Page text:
The admired educator, Booker T. Washington was one of the most important black leaders since the post-Civil War Reconstruction. He was a educator, social activist, and writer. Exploring his history, what he did in life, and how it effects us today would be interesting.
Booker T. Washington was born April 5,1856, near Hale’s Ford, Franklin County, VA. He was the son of an enslaved mother and a white father. His mother’s name was Jane and she belonged to James Burroughs and served as cook for the Burroughs family and their slaves. He was allowed no education and did not even own a pair of shoes until the age of 8, when he was employed as the operator of a contraption designed to shoo flies away from the food. There he received an introduction to white society, etiquette, and more or less cultured conversation, which would prove of lasting importance in the course of his life. In Malden, Booker received his first classroom education. One day, he determined that he would seek a formal education at Hampton Institute for blacks.
Booker did many things In life, but he had to take steps in order to succeed. With the financial help of many local black residents, he was able to enroll at Hampton Institute in the fall of 1872. He became a teacher at the institute in 1879. In 1881, Washington founded and became principal of Tuskegee Normal and Industrial Institute. He started the school in an old abandoned church and a shanty. Later changed in to Tuskegee University. It taught specific trades, like farming, and mechanics, and trained teachers. To reduce racial conflicts, Washington advised blacks to stop demanding equal rights and to simply get along with the whites. He urged whites to give blacks better jobs.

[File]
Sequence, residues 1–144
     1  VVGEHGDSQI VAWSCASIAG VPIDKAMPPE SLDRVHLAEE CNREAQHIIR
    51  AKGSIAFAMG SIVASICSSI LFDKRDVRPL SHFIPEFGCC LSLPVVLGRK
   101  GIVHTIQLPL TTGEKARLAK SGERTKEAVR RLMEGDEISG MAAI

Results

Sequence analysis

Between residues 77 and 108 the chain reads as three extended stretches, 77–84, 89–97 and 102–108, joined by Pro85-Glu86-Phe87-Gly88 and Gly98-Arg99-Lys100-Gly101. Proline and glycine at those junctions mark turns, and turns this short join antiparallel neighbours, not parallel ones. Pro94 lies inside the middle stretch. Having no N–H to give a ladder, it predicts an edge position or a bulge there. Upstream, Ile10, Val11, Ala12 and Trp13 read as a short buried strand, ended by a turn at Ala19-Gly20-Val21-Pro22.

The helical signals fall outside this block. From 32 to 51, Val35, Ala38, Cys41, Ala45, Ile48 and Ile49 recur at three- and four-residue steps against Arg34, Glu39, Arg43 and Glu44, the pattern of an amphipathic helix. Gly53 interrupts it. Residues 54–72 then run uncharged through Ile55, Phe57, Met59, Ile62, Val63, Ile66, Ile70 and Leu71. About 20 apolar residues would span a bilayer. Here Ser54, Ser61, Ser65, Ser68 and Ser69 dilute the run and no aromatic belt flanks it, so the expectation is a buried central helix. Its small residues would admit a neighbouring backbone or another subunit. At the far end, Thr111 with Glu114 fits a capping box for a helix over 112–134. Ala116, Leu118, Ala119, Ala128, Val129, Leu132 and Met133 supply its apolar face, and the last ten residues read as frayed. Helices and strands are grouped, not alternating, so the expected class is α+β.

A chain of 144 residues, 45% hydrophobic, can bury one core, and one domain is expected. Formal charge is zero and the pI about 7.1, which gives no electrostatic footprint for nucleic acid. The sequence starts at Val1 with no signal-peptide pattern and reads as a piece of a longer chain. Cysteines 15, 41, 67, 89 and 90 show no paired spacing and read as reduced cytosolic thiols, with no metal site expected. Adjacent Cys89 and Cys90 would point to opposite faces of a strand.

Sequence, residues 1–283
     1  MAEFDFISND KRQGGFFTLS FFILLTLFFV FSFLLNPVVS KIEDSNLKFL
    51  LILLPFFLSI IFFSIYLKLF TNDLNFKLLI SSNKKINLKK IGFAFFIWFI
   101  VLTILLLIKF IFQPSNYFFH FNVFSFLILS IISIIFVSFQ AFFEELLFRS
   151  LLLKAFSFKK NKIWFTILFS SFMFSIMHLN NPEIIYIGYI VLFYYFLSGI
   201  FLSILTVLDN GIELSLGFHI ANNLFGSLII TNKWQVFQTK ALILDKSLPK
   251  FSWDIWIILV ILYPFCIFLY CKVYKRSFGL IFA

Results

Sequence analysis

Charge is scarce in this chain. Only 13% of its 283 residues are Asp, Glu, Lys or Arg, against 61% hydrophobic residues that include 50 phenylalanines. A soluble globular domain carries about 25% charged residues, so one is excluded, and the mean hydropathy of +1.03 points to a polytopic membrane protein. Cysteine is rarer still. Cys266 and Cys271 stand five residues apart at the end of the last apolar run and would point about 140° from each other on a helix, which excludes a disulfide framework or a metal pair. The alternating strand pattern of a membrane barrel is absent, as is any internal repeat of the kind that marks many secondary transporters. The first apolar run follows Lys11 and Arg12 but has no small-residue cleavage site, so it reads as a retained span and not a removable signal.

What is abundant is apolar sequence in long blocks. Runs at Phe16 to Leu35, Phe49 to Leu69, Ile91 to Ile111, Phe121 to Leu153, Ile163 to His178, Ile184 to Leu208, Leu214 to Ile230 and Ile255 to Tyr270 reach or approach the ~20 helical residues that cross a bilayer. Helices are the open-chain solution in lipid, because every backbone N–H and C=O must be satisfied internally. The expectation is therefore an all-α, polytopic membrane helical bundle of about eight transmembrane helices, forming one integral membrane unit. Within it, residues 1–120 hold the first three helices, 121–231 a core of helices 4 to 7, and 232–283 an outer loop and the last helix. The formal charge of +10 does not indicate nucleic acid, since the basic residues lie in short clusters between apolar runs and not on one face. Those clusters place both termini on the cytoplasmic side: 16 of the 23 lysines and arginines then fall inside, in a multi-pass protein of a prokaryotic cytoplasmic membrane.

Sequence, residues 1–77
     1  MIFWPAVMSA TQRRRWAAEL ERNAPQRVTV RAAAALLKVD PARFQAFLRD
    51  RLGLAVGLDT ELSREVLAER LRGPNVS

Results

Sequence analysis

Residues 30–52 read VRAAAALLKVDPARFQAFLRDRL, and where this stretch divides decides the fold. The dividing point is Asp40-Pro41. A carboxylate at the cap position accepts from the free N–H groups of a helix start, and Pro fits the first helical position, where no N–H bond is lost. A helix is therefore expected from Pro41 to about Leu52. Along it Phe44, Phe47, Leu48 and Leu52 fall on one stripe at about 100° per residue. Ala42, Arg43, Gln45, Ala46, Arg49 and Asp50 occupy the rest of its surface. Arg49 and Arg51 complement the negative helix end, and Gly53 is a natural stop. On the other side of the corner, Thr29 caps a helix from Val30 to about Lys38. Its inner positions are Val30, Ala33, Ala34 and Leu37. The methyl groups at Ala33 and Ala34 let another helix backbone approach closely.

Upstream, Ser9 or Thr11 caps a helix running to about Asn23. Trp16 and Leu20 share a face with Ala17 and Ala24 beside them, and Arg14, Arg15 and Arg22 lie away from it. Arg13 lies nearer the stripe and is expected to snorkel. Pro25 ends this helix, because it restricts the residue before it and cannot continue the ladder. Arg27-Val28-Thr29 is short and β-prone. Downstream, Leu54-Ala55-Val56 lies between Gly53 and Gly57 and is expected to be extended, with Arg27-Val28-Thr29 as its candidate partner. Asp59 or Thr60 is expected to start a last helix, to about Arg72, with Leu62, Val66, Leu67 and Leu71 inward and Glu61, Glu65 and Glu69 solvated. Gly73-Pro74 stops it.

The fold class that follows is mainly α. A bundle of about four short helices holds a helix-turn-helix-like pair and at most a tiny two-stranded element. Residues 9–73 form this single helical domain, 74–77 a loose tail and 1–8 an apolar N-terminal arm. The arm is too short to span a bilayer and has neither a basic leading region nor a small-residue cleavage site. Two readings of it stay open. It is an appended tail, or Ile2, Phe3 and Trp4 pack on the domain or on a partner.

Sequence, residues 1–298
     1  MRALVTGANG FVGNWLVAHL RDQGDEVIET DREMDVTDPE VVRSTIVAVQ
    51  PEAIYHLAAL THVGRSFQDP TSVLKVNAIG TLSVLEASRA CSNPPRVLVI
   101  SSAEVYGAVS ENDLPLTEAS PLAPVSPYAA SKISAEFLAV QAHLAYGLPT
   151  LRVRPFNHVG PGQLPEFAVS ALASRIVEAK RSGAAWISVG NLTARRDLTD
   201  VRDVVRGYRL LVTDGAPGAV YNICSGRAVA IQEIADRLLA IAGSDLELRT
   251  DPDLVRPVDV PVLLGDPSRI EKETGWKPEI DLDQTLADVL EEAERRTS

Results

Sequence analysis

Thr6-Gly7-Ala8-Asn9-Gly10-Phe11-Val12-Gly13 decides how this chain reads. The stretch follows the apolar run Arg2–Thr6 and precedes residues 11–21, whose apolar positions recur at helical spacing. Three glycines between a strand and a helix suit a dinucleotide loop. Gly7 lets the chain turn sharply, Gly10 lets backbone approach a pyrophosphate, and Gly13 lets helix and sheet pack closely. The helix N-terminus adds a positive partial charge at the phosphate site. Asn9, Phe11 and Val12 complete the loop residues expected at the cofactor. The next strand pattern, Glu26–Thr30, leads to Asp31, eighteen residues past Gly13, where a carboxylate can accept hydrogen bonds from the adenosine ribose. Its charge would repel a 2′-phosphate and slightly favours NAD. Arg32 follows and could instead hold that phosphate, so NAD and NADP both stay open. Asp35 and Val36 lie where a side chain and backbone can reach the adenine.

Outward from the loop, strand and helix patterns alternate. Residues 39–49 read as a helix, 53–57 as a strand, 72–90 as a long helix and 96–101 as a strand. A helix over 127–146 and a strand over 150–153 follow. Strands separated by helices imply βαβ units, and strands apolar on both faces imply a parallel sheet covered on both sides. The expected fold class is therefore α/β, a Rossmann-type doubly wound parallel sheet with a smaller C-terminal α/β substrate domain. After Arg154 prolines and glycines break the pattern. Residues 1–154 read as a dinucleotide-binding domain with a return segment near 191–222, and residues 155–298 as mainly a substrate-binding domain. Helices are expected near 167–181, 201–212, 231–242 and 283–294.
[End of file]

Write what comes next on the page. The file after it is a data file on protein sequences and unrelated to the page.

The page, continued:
Washington became a shrewd political leader and advised not only Presidents, but also members of Congress and governors on political appointments for blacks and sympathetic whites. He urged wealthy people to contribute to various black organizations. In 1900, Washington founded the National Negro Business League to help black business firms. He never publicly supported black political causes that were unpopular with Southern whites. But he secretly financed lawsuits opposing segregation and upholding the right of blacks to vote and serve on juries. By controlling most black newspapers, Washington made it difficult for